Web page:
• Many trafficking victims begin as willing participants in smuggling operations and only later discover that they are actually being trafficked
smuggling versus human trafficking
Smuggling versus Human Trafficking
  • Both types of operations look similar at the border
  • Smugglers make their money upfront from people they smuggle. Their “business relationship” ends once the immigrant has crossed the border
  • Traffickers “allow” the immigrant to pay off the debt gradually; they use smuggling debt to control their victims
  • Traffickers maintain ongoing control over the victim even after the border is crossed
labor exploitation
Labor Exploitation
  • On the continuum with human trafficking
  • Labor exploitation can be present w/o there being trafficking. This is still illegal.
the trafficking victim protection act of 2000 tvpa
The Trafficking Victim Protection Act of 2000 (TVPA)
  • Defines new crime of human trafficking under federal law
  • Criminalizes a variety of human trafficking offenses
  • Increases prison terms for slavery violations from 10 to 20 years and adds life imprisonment
  • Has been amended and improved since ‘00
what is human trafficking1
What is Human Trafficking?
  • The crime of compelling or coercing the labor or services of another person against that person’s will
  • Initial consent of a person is not a defense to subsequent use of coercion to maintain service
  • Trafficking will often involve a border crossing but does not require it
human trafficking offenses
Human Trafficking Offenses
  • Sex trafficking
  • Forced Labor
  • Document Servitude
benefits often available
Immigration Help

Legal Assistance

Emergency Shelter

Case Management

Florida Crime Victim Compensation

Medicaid

Social Security Income

Food Stamps

Refugee Cash

Match Grant

Refugee Social Services

ESOL Classes

Life Skills

Job Skills Training & Placement

Crisis Counseling

Housing & Transportation Assistance

Benefits Often Available
important legal change brought about by the tvpa tvpra
Important Legal Change Brought About By the TVPA/TVPRA
  • The TVPA is victim-centered law
  • Trafficking victims, even if they are in the U.S.A. illegally, are now seen as beneficiaries rather than as violators of U.S. law
  • The law directs that victims of human trafficking are not to be deported
new florida trafficking laws
New Florida Trafficking Laws
  • Good companion to Federal law
  • Local and state law enforcement and prosecution have direct role and responsibility
  • More tools to arrest and punish traffickers
  • Requires greater local/state/federal coordination
  • Support for victims possible
  • No immigration benefits – still need feds
talking about trafficking
Talking about Trafficking
  • Every case is different
  • You could provide help and referral info on the law, benefits and safety
  • Be sensitive and aware of your impact
  • Don’t interrogate – gently discuss
  • Know trafficking resources in your community and network with them
talking about trafficking1
Talking about Trafficking
  • Safety issues
  • Employment issues
  • Social Networks
  • Origins
  • Immigration Status
why is it important in esol
Why is it important in ESOL?
  • Due to limited English proficiency, students may be vulnerable;
  • Teachers and their students will be able to help others who may be trafficked or be vulnerable;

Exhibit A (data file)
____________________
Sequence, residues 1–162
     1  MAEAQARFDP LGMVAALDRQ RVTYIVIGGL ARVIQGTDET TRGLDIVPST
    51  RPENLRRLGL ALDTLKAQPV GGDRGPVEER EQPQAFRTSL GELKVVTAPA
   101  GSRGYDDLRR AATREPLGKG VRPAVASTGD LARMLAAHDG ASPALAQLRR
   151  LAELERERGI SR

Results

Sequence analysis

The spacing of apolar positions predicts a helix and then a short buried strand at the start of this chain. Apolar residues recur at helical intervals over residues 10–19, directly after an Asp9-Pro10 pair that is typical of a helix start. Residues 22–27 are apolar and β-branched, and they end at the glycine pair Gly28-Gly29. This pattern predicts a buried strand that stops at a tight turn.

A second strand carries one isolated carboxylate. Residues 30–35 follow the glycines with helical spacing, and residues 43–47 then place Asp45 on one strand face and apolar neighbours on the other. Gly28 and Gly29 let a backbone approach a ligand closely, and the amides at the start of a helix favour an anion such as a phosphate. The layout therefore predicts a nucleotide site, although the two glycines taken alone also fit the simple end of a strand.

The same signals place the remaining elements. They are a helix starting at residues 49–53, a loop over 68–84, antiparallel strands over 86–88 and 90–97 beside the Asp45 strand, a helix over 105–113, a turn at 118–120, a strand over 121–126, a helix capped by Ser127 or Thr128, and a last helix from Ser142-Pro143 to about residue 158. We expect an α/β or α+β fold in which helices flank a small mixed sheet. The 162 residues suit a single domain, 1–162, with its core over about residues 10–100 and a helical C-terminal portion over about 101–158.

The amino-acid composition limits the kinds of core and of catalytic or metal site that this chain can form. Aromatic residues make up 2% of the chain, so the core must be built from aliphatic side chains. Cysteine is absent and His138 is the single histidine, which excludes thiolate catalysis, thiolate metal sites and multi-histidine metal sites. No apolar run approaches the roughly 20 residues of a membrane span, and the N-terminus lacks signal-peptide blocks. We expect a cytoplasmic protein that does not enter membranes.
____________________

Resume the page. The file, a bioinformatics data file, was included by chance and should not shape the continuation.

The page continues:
• Many students feel that their ESOL class is a safe environment;
  • To an extent, teachers are service providers to their students;
why is it important in esol cont d
Why is it important in ESOL? (cont’d)
  • Teachers will know what to do if they suspect a student is a victim;
  • Teachers will learn to recognize traffickers;
  • Students will be able to help themselves and others to know what human trafficking is, how to get help safely and their legal rights; and
  • Students will know how to guard against recruitment.
survey needs
Teachers

Cover specific topics during the course of the year

Cover grammar, conversation, reading and writing

Teach the material in blocks of time and fit it into the present curriculum

Students

Know the relevance of the material

Be able to learn material to complete literacy points

Need to find the material interesting to stay focus

Need to be exposed to new material more than once

Survey needs
connection with current goals
Connection with current goals
  • Teachers will continue to conduct class activities that will require students to participate in reading, writing and oral exercises allowing the students to absorb the information gradually.
  • Teachers will continue to use multiple teaching modalities to teach certain concepts.
integrate human trafficking in esol
Integrate human trafficking in ESOL

Human Trafficking information can be incorporated in the following units:

  • Work
  • Health and Emergencies
  • Safety
  • Multiculturalism
  • Civics
resources in florida
Resources in Florida

Florida State University,

Center for the Advancement of Human Rights

850-644-4550; www.cahr.fsu.edu

Project Director, Robin Thompson –

[email protected] or 850-907-0693

resources in florida1
Resources in Florida

Florida Department of Children and Families,

Office of Refugee Services, Holly Merrick

850-922-4143 or [email protected]

Florida Freedom Partnership: 866-443-0106

federal resources
Federal Resources

Health and Human Services:

  • Referral to aid organization in the victim\'s area.
  • Toll-free number (888-3737-888)
  • (www.acf.hhs.gov/trafficking)

Department of Justice:

  • Trafficking in Persons and Worker Exploitation Task Force Complaint Line
  • 1-888-428-7581 (voice and TTY).